in a museum opened in the actor’s home in Rome, now shut because of the pandemic.

history of municipal police forces in Italy posted on the website of one national association traces their origins to the guardians of a Roman temple in the 5th century B.C. An educational film from the early 1950s from Italy’s national archive, Istituto Luce, however, instead traces the corps’ history to the first century B.C., during the reign of the Emperor Augustus (there’s a nice touch of a chariot segueing into a convertible).

Today, Piazza Venezia has the only traffic pedestal left in the city. “It is part of the architecture of the piazza,” said Mr. Gallicchio, the kiosk owner.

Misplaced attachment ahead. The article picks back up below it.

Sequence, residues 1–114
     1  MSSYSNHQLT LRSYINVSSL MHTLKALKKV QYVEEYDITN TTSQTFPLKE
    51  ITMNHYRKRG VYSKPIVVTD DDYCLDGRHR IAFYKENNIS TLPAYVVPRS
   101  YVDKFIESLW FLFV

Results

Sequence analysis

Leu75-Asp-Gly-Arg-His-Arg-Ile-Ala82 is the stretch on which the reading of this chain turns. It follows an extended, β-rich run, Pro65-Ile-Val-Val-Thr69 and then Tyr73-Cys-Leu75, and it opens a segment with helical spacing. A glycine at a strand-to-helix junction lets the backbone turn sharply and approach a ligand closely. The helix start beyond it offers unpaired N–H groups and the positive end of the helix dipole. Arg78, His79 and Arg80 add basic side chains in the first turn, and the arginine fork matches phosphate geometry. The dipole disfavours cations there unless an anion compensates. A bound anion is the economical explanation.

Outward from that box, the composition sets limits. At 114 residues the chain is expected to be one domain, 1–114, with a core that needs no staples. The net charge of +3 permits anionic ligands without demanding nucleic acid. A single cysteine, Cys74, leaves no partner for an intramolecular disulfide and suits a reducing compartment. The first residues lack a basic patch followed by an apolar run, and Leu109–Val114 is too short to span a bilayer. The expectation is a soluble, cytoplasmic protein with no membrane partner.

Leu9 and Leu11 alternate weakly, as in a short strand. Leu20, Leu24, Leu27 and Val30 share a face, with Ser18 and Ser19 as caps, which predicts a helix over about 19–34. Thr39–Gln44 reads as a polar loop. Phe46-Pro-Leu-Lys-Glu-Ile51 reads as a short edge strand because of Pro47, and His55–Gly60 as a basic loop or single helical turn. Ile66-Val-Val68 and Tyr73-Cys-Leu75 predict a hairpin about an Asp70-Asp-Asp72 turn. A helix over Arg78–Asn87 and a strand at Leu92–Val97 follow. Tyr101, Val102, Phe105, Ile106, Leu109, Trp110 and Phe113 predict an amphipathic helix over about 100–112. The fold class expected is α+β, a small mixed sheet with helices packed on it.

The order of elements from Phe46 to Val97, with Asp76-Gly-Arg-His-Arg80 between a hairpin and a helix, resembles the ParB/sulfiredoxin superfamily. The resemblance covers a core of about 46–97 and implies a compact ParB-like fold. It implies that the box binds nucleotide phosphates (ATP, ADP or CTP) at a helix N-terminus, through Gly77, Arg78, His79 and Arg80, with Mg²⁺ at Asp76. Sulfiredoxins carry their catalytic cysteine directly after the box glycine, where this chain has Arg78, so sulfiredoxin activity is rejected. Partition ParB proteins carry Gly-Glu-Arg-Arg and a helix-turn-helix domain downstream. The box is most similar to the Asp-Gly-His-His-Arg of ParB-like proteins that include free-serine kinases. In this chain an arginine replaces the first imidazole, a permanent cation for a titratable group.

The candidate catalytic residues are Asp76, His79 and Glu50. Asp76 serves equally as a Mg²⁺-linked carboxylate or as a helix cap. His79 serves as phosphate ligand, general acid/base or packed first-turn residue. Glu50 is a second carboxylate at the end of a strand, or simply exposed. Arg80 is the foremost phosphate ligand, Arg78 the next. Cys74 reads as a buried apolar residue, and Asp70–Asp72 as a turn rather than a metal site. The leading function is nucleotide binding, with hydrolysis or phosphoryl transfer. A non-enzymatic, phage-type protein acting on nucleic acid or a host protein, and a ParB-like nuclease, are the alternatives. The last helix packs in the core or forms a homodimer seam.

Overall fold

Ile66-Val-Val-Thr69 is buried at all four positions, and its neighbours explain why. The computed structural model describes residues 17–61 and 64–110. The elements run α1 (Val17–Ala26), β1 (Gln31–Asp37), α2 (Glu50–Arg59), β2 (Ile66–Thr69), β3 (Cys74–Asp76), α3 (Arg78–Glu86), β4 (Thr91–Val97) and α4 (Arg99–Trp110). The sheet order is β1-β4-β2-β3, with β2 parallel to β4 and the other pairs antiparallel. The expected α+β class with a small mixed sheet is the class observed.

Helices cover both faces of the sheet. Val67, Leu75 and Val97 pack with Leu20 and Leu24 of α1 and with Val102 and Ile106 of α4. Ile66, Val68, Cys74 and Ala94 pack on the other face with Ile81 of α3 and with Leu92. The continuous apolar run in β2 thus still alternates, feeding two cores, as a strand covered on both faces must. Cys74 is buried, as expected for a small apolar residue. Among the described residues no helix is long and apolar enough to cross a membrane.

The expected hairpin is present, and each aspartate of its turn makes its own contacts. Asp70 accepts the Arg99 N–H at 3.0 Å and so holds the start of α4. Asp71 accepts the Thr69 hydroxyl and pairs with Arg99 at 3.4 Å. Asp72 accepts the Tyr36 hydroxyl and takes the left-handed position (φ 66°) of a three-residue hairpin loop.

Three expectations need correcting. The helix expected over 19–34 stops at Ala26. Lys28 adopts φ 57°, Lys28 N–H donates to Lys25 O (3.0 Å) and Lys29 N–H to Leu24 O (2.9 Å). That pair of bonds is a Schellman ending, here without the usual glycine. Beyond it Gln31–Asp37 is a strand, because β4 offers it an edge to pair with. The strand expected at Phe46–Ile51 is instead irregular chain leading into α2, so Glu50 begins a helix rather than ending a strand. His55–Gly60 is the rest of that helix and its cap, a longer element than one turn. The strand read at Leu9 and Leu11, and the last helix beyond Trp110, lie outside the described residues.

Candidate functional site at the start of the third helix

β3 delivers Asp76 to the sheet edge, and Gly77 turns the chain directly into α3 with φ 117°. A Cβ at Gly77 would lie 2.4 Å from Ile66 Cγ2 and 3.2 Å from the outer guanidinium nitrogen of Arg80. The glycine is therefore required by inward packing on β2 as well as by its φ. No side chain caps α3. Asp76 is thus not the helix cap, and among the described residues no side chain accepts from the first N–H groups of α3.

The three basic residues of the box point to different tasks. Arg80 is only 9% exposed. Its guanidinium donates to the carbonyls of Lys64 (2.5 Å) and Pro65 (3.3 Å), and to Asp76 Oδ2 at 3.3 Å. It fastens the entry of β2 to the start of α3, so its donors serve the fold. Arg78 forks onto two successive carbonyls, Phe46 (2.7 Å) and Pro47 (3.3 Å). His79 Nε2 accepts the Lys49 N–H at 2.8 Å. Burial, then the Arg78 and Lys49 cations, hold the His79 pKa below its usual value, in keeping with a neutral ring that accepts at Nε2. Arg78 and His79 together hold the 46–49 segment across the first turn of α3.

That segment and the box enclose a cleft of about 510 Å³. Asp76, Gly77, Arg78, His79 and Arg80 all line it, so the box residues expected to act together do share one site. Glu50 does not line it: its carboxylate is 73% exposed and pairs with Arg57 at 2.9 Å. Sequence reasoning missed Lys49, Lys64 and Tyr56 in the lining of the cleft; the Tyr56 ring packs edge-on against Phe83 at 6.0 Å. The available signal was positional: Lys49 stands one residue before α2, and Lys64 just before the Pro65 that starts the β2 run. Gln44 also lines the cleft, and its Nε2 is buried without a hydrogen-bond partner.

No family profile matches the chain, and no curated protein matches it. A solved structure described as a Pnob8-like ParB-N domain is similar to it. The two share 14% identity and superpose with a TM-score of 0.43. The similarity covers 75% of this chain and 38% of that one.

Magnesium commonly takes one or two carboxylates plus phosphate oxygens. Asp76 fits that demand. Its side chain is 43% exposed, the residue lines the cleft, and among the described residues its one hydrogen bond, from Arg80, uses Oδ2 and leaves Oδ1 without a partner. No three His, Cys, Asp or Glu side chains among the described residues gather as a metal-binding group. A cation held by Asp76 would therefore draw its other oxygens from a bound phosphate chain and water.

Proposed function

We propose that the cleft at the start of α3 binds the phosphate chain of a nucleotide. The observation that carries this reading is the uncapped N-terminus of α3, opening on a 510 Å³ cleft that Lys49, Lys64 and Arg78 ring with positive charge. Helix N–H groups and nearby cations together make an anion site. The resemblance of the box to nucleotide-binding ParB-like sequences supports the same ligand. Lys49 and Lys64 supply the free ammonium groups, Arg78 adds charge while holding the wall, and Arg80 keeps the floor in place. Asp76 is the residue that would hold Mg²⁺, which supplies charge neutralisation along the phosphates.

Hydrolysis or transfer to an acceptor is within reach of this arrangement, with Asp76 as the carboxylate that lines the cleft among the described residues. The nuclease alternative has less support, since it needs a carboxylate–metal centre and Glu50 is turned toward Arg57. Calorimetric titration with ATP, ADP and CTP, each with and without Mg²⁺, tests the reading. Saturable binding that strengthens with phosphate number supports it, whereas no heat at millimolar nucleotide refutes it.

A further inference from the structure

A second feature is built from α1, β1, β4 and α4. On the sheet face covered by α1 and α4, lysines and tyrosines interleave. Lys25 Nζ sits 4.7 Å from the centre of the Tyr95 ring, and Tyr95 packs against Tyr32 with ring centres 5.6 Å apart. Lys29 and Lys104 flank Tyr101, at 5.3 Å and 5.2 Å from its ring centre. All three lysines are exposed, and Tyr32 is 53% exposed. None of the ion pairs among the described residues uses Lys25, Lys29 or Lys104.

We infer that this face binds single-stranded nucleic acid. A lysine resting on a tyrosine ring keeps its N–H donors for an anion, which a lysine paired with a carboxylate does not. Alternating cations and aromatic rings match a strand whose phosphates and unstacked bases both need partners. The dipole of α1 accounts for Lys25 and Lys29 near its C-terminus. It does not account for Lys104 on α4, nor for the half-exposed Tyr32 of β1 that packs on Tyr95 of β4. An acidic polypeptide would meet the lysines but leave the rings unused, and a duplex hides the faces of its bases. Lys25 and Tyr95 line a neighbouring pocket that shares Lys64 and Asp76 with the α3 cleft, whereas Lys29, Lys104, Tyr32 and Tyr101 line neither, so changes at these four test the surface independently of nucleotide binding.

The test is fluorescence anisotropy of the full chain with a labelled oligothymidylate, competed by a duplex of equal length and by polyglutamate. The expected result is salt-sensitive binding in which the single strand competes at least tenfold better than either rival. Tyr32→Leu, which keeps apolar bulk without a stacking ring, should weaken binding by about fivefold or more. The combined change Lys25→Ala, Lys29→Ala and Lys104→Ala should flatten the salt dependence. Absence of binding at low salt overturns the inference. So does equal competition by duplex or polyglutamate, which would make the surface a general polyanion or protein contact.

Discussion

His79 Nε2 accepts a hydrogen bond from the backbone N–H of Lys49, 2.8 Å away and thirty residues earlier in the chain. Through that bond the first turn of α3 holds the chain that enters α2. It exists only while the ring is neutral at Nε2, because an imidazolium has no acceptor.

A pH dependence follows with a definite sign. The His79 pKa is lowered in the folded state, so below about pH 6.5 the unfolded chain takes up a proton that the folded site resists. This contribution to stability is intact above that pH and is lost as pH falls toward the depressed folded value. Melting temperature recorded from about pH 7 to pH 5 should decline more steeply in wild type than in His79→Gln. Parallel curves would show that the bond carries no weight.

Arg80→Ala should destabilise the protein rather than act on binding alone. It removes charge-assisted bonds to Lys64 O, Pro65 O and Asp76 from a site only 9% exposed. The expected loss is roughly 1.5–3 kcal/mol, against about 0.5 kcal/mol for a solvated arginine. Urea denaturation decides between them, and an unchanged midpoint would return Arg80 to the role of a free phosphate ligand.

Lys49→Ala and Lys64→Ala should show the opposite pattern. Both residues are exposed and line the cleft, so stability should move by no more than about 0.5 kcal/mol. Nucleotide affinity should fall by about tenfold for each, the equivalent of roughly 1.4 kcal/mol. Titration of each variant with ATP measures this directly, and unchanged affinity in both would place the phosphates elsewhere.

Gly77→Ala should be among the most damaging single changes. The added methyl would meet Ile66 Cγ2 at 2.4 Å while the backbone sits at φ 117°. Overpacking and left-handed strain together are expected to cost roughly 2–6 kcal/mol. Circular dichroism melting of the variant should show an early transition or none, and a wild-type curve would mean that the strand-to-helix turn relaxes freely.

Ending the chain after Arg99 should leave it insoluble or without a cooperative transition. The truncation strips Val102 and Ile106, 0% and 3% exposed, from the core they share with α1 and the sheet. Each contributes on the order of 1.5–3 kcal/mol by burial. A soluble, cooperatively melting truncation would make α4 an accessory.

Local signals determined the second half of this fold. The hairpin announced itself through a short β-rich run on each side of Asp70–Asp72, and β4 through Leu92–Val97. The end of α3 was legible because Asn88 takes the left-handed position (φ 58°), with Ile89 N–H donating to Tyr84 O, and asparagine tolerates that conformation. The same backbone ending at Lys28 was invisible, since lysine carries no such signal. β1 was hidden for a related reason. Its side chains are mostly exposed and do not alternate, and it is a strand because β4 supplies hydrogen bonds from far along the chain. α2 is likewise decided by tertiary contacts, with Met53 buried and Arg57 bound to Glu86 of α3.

At first, the pedestals were made of wood, and traffic officers would carry them into crossings.

At one point, a fixed, cement pedestal was installed in the piazza, lit up by a spotlight on a nearby building at night when no officer was on duty, Mr. Gallicchio said.

The spotlight didn’t help as “motorists kept smashing into it,” Mr. Grillo said. So in 2006 it was replaced with a mechanical pedestal that rises from the paving stones to welcome officers arriving for work.

Now, with the work done on the piazza this year, the officers say they are keen to get back to a job they love and hopefully, become a focus of tourists’ cameras again after the pandemic passes.

“Maybe we weren’t as famous as the Fountain of Trevi, but we were a tourist attraction.” Mr. Battisti said with a smile. “I bet there are even photos of us in North Korea.”

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